BY TOMOHIRO OSAKI, STAFF WRITER
Japan’s newly appointed Prime Minister Yoshihide Suga has never been known as a man with charisma.
So when the reticent, often expressionless legislator emerged as front-runner in the race to succeed former leader Shinzo Abe, speculation emerged that he might make up for his lack of charm by tapping a crowd-pleaser for one of the most pivotal roles of his new administration: chief Cabinet secretary, which doubles as the government’s top spokesman.
Instead, Suga has entrusted the portfolio to someone similar to himself — Katsunobu Kato, a former health minister whom it would be hard to describe as colorful, outspoken or telegenic.
But Kato’s modesty may have been exactly what Suga, who himself served for Abe as chief Cabinet secretary for more than seven years, wanted to see in his successor.
Observers say the 71-year-old Suga, whose zen-like stoicism — bordering on workaholism — has led to him being respected as an overachiever but feared as a micromanager, has likely chosen someone he is confident won’t step on his toes or act independently of his orders.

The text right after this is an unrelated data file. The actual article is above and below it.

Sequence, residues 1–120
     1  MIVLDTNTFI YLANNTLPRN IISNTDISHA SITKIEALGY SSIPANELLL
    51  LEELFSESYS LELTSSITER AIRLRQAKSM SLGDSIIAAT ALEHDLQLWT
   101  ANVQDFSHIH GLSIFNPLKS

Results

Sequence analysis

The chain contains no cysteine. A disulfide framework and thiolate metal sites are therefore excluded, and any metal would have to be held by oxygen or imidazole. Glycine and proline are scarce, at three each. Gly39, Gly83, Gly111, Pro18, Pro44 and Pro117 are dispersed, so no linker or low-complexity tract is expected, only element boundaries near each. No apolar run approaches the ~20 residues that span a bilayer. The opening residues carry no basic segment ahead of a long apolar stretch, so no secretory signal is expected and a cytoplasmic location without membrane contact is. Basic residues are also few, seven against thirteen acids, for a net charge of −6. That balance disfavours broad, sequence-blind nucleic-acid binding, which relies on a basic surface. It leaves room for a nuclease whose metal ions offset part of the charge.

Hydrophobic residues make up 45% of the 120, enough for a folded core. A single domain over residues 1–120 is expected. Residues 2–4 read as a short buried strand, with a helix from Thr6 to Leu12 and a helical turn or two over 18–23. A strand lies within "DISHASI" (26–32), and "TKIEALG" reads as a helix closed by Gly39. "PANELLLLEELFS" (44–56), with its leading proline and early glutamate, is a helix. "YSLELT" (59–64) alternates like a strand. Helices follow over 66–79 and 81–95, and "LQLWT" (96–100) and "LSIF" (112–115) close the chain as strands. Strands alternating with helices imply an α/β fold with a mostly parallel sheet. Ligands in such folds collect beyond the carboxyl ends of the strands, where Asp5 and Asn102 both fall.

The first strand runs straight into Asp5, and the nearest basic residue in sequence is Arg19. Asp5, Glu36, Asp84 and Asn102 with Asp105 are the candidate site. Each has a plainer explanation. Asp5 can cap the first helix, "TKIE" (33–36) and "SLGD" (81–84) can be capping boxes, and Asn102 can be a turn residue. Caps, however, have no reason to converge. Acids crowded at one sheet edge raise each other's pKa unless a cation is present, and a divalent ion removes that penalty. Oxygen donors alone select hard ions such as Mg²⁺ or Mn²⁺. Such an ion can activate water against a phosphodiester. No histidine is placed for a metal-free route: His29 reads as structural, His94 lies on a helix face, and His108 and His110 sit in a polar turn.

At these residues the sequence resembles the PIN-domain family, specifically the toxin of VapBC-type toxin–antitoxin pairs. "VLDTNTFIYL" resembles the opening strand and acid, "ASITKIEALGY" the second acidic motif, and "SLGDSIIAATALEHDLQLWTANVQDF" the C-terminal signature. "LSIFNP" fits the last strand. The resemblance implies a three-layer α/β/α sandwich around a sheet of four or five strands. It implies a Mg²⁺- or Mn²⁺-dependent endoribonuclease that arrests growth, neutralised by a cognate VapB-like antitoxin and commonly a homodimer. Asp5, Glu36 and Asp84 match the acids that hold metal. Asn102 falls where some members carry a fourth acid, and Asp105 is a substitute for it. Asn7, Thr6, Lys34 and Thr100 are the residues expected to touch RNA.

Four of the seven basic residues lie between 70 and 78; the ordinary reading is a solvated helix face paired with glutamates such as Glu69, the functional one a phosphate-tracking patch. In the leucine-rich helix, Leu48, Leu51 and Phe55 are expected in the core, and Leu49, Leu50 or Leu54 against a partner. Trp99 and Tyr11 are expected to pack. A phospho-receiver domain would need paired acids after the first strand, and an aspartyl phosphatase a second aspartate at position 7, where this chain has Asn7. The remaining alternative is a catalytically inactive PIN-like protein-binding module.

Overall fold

Therein lies perhaps the characteristic of the Suga-Kato relationship that contrasts most sharply with the previous Abe-Suga pairing.
As chief Cabinet secretary, Suga was a force to be reckoned with in backroom politics, browbeating the nation’s bureaucracy into obedience and spearheading key government policies on behalf of Abe, who is said to have been content to delegate a great deal of responsibility to Suga.